Position at noon
GMT on 27 November 2006 was
25.37.50N, 16.29.15W. 178.2 nautical miles sailed in last 24 hours. 2588
nautical miles to go to St Lucia.
What a site to see; 233 yachts making ready for sea,
with a brass band and thousands of spectators lining the harbour walls.
Where’s the kitchen sink?
At 12.40 we got away to a respectable start, with the
other 24 yachts in 4 different racing classes, 20 minutes before the main cruising
boats started. Winds were light from the North East so we elected to hoist our
lightest 6 ounce spinnaker immediately the gun was fired. However the winds
soon picked up, and after 3 hours we were becoming concerned that the kite
could not handle the winds, which had by then increased to 20 knots. Since we
had reached the south east corner of Gran Canaria, and needed to gybe in order
to make the right hand turn around the corner on course to the Caribbean,
we decide to use that opportunity to replace the kite with our new 9 ounce All
Purpose one at the same time. So we rather smartly dropped the light one, gybed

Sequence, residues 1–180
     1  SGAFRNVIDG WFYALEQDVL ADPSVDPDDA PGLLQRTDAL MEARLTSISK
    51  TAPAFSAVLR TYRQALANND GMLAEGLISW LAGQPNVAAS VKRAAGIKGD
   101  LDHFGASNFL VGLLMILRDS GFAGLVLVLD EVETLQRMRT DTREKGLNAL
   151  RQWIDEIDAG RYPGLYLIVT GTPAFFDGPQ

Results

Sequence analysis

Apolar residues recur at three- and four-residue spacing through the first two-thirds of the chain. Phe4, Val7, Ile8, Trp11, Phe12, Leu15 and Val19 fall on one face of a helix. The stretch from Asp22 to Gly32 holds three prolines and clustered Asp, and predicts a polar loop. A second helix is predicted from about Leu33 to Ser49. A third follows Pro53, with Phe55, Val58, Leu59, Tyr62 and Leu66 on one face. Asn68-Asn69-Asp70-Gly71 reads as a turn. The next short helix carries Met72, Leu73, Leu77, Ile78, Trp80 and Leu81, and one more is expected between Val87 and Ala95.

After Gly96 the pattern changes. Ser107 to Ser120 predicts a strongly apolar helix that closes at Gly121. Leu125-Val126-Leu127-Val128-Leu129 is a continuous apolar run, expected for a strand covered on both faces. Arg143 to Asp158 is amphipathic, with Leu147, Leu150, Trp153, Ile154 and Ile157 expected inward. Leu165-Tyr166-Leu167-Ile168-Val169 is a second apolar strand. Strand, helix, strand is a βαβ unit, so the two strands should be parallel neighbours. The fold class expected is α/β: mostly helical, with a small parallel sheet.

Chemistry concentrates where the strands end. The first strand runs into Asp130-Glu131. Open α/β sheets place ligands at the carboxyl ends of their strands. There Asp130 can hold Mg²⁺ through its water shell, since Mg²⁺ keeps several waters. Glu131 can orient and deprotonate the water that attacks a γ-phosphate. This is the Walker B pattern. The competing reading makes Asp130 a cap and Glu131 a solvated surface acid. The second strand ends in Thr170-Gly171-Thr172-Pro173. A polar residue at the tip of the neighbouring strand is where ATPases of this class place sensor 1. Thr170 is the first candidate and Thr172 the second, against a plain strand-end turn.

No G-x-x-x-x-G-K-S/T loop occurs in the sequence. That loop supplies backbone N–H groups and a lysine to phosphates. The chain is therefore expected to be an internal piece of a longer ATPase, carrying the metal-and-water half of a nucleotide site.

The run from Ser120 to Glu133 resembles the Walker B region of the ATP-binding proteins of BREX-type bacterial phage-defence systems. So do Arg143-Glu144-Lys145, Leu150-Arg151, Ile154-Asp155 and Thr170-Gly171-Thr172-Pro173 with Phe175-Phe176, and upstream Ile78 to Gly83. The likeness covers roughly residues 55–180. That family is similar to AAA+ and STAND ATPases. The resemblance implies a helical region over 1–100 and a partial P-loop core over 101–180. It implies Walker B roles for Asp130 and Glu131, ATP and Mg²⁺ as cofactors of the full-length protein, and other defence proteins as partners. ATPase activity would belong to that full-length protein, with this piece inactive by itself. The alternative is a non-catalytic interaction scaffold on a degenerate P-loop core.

and hoisted the heavier one in a reasonably good crew performance
The Course : GCS (Gran Canaria
to Starboard), STLP (St Lucia to Port)
Finish line at D.
The sea was extremely confused, making it very difficult
to prepare meals. So lunch was a sandwich, and we never got around to dinner on
our first day out.
By 5.00 pm
the wind had risen to 25 knots, and we were just contemplating another gybe,
since we had too much northing in our track, when the sheet clip on the
spinnaker clue failed. We recovered the kite fairly smartly into the bow hatch,
but not fast enough to avoid a 20 ft vertical split appearing from the flogging
of the sail. To cap it all, our subsequent gybe with white sails was nothing to
write home about either. Our new AP spinnaker was to be the work horse of this
race, and to lose it on the first day was quite a blow.
We decided to look at it in the morning, and see
whether it can be patched up with the miles of repair tape we are carrying. We
do have another 2 kites so things could be worse.
At 8.00 pm
we decided to stay with white sails through the night since the sea was still
running and the wind holding at 25 knots. We installed a gybe preventer and
moved into the 4 hour watch system